before we ask our seniors to pay more for health care, before we cut our children’s education, before we sacrifice our commitment to the research and innovation that will help create more jobs in the economy, I think it’s only fair to ask an oil company or a corporate jet owner that has done so well to give up a tax break that no other business enjoys.
To me, this suggests that additional cuts in the research and innovation sectors are still on the table. I have to ask, can we afford more cuts? The FY 2011 Budget included more than $300 million in cuts from the National Institutes of Health budget. Francis Collins, Director of the Institute, has said that these cuts will reduce grant funding rates to an all time low.
Here’s my final question. At what point do we admit that we have “sacrifice[d] our commitment to the research and innovation that will help create more jobs?”
Overall unemployment has also dropped by a percentage point over the last 4 months, and is now at 8.8 %.
If this continues, “are you better off than you were 4 years ago?” could be quite the campaign slogan….for different reasons, though, than in 1980.
In order to tackle conservation, energy, funding, and many more critical issues we discuss, economics will be a large part of the solutions. Yet when we hear economists in the media, I often wonder why women aren’t generally quoted and interviewed. Further, where are the women who blog about it? Answer: They simply don’t exist. UCLA economist Matthew Kahn notes:
There are 52 women who rank in the top 1000 [members of the economics profession] and 0 of them blog. Contrast that with the men. Consider the top 100 men. In this elite subset; at least 8 of them blog. Consider the men ranked between 101 and 200. At least, six of them blog. So, this isn’t very scientific but we see a 7% participation rate for excellent male economists and a 0% participation rate for excellent women. This differential looks statistically significant to me.
Kahn is curious about the reasons why and suggests that men may have more leisure time and “nerdy guys spend more time reading and writing blog posts.” Perhaps that’s part of it, but in recent years, the number of women science bloggers has exploded, despite family, teaching, and other obligations. We may not be as well represented when you account for all science blogs (or recognized as often), but our numbers are growing. Women tend to use these forums as tools to share ideas, collaborate, and facilitate discussions beyond the academic bubble where many of us reside. In fact, at ScienceOnline annual meetings, we outnumber our male colleagues. In other words, there must be more to the gender disparity in economics than time and nerdiness. (Although I am, admittedly, a nerd).
Another blogger theorized that women stay away from economics blogs because of their combative style, yet science blogs are not always a particularly friendly place either. (Any regular reader of The Intersection understands what I mean). The pissing contests that emerge do not seem to keep women from blogging. Further, even though comment threads tend to be male dominated, I receive many emails from women and kids, so it’s clear that they’re reading too.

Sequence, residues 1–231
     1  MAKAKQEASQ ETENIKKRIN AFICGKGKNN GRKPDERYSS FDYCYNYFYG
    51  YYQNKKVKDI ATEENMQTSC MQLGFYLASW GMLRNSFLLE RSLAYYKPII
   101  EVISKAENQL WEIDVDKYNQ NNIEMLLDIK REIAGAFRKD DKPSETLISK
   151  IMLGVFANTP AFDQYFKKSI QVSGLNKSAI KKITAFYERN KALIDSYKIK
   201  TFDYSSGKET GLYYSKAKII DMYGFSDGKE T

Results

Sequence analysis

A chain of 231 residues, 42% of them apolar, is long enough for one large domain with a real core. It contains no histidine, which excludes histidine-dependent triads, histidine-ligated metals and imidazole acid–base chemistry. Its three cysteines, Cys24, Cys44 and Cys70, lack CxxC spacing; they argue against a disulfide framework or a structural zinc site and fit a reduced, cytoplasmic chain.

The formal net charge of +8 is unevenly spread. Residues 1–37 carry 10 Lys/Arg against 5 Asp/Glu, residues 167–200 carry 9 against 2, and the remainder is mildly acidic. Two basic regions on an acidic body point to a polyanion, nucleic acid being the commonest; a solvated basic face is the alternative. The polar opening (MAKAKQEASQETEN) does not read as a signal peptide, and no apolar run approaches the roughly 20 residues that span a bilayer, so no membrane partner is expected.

What’s really going on? Here’s my suspicion: Rather than gender differences in attitudes, female economists are simply still not part of the economics blogging culture… yet. It’s not an activity that they consider because there are no predecessors already engaged. In other words, encouraging women to participate is more about changing social mores and cultural norms of what’s acceptable and rewarded within the economics profession. That can’t happen until women are better represented online. A bit of a chicken and egg problem, but I’m confident economics will catch up to science in this regard.
Why does this matter? Because pioneering women will bring new ideas and perspectives to the table. And Kahn is correct that it will also create more opportunities for them to get recognized in their profession. I applaud Kahn for highlighting the gender divide and challenge him and his colleagues to encourage more women to get engaged. If they have reservations, tell them to email me.
My latest DeSmogBlog post is a case study in what happens when we have a pair of dueling experts on a complicated topic–in this case, a dispute between the Political Economy Research Institute (PERI) at the University of Massachusetts-Amherst and the Heritage Foundation. They are battling over this PERI study, which found that a pair of EPA regulations would create jobs. I pose the question:
Is this a dispute in which outside observers have any choice other than to throw up their hands, unsure who to believe? Most of us aren’t economists, after all, so what other option is available to us? How can we possibly say who’s right and who’s wrong, without taking a few years to develop some expertise? Moreover, from a journalistic perspective, is there any way to cover this dispute other than in a “he said, she said, we’re clueless” fashion?
My answer is “yes,” and you can see why by following this link.